Domestic violence in Northern Ireland has risen considerably during the coronavirus lockdown, latest PSNI figures reveal.
Between March and June there were 1,200 extra cases reported to police compared to the same period last year.
A total of 9,303 domestic violence and abuse-related calls were made by members of the public between March 4 and June 16. This is a 14% increase on the 8,107 recorded during the same 2019 timeframe.
Lockdown also saw an upsurge in killings and serious assaults allegedly involving members of the same household. Alan Gingles (32) is charged with murdering his grandmother Elizabeth Dobbin in their Larne home in April, while Michael Lenaghan (51) is accused of stabbing Ballymena guesthouse owner Inayat Shah to death in March.
Other frightening lockdown-related assaults include that of Michael Gibson who is suspected of carrying out a horrific attack on his heavily pregnant partner.
Belfast Magistrates Court was told that she rang 999 on April 25 after waking up to find the 29-year-old trying to smother her with a pillow.
Gibson, who is charged with assault and criminal damage, is then alleged to have dragged her around a room by the hair while she held an 11-month-old baby in her arms. The peak for lockdown domestic violence reports came in the week between May 27 and June 2 when 727 were made to the PSNI - a staggering figure of more than 100 per day.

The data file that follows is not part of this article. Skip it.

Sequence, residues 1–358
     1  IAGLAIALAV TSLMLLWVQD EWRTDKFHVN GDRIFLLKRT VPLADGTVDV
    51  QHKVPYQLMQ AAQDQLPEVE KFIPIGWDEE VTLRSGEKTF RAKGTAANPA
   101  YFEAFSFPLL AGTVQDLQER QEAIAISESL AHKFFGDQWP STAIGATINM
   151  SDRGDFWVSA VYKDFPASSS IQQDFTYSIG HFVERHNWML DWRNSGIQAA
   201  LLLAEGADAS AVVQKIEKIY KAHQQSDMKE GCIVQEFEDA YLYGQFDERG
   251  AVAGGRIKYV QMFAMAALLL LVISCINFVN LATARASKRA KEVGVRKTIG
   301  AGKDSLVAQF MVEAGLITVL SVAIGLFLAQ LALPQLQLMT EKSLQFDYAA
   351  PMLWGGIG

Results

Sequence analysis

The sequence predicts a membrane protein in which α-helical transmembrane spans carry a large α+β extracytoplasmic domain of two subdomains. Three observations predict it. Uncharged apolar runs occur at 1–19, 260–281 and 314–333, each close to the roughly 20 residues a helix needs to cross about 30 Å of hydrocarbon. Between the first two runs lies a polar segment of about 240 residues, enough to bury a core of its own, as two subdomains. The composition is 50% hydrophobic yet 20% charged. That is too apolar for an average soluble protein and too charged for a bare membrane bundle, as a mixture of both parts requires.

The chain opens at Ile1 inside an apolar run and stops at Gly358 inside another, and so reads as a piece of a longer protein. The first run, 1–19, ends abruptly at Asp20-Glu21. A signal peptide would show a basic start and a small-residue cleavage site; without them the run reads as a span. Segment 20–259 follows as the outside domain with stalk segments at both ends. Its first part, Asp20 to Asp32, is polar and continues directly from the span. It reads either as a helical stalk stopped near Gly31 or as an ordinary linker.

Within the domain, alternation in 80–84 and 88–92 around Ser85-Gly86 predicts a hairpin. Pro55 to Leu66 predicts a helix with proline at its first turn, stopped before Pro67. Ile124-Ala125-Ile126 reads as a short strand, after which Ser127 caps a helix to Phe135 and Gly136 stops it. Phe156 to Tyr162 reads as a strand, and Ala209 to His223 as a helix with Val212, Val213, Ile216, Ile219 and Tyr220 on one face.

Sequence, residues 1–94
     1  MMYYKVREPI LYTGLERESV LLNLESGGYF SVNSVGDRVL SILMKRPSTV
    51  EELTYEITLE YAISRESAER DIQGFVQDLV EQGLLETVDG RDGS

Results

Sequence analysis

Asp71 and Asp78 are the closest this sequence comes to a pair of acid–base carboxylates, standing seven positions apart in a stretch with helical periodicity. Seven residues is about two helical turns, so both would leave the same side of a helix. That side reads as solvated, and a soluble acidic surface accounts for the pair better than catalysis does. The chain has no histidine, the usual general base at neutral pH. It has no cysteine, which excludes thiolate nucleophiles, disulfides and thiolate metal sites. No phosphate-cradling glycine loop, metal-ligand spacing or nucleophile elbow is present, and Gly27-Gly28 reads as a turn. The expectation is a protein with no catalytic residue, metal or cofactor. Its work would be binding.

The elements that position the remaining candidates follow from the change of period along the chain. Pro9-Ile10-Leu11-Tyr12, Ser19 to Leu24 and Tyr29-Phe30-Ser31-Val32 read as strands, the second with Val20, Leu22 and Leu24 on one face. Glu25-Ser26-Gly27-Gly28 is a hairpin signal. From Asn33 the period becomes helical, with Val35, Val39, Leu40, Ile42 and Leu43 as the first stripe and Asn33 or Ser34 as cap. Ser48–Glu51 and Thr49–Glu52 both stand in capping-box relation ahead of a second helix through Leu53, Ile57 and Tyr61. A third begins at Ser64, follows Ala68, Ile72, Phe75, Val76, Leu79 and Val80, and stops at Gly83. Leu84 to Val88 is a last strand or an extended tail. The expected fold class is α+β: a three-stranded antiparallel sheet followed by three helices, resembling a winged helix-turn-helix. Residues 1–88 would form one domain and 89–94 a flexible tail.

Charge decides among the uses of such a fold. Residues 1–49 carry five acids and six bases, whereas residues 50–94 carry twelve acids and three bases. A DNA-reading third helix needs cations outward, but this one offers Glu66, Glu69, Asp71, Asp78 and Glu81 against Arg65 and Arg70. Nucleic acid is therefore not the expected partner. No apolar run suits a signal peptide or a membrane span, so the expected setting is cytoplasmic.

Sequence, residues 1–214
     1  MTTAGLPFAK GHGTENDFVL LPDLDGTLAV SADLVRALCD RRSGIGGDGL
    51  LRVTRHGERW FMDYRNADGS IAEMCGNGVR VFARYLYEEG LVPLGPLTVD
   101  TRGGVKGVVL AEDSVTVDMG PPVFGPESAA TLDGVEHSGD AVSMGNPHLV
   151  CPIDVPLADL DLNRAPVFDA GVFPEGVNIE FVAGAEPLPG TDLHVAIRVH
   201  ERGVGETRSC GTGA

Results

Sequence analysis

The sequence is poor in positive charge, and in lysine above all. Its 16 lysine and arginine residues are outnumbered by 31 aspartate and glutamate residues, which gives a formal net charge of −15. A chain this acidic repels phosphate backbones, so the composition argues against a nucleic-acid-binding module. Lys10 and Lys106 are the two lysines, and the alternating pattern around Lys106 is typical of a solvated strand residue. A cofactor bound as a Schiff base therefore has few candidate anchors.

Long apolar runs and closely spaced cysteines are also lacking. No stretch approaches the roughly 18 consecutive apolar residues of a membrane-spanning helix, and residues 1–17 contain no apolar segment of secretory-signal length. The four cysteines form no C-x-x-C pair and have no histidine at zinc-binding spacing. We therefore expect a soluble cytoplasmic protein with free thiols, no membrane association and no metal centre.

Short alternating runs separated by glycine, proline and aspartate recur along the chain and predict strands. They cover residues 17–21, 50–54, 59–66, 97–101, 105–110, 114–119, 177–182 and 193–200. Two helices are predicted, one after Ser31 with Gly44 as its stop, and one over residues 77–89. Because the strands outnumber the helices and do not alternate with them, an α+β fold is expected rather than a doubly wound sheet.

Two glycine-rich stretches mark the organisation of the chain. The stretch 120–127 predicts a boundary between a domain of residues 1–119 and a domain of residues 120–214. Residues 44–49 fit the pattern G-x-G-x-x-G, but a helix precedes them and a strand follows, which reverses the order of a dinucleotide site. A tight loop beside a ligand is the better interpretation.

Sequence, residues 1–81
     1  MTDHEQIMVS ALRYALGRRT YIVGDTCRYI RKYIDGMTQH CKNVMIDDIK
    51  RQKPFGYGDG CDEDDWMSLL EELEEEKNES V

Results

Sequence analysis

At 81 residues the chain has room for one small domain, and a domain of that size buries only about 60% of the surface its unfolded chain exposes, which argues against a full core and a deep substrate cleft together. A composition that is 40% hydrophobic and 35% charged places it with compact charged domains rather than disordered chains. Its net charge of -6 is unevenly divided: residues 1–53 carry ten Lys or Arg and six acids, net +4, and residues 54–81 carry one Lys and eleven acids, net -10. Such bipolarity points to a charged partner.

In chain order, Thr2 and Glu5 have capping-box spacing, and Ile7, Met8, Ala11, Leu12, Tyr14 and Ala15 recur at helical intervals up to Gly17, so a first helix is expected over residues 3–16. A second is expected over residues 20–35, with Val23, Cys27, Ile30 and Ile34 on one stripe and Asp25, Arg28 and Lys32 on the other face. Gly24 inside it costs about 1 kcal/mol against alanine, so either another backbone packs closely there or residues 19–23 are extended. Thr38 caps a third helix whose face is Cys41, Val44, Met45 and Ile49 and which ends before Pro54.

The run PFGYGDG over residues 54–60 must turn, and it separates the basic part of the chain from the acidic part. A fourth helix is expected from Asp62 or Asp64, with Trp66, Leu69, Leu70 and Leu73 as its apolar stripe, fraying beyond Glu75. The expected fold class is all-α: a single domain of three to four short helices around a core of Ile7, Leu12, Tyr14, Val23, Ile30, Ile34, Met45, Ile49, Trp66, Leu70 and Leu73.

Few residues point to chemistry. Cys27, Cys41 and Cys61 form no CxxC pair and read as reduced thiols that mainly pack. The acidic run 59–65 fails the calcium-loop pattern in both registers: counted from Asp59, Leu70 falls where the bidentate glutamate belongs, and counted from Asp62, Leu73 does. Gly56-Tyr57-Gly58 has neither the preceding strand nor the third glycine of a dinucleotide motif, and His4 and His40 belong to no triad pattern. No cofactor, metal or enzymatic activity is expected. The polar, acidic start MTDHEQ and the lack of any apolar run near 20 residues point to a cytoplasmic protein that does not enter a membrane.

Details about the worrying rise were revealed by Justice Minister Naomi Long in response to an Assembly question by DUP MLA Paul Givan.
She said: "The latest PSNI published information provides that from 1 April, 2019, to 31 March, 2020, there were 31,817 domestic abuse incidents in Northern Ireland, an increase of 135 (0.4 per cent) on the previous 12 months.
"The most up-to-date weekly exceptional release published by PSNI shows that for the period 4 March until 16 June, 2020, PSNI received 9,303 domestic violence and abuse-related calls. This is a percentage increase of 14% compared to the same period for the previous year."
Amnesty International has called for funding to be made available to local domestic violence charities to match the scale of the problem. Before lockdown, domestic incidents and crimes in Northern Ireland were already running at a 15-year high.
The human rights organisation's programme director, Patrick Corrigan, said: "Significant extra money has been made available in every other part of the UK, but not in Northern Ireland."
The Scottish Government has given £1.35million to Scottish Women's Aid, while the UK Government committed a £28million package for domestic violence victims, and £3.8million for community-based domestic abuse and modern slavery services in England and Wales.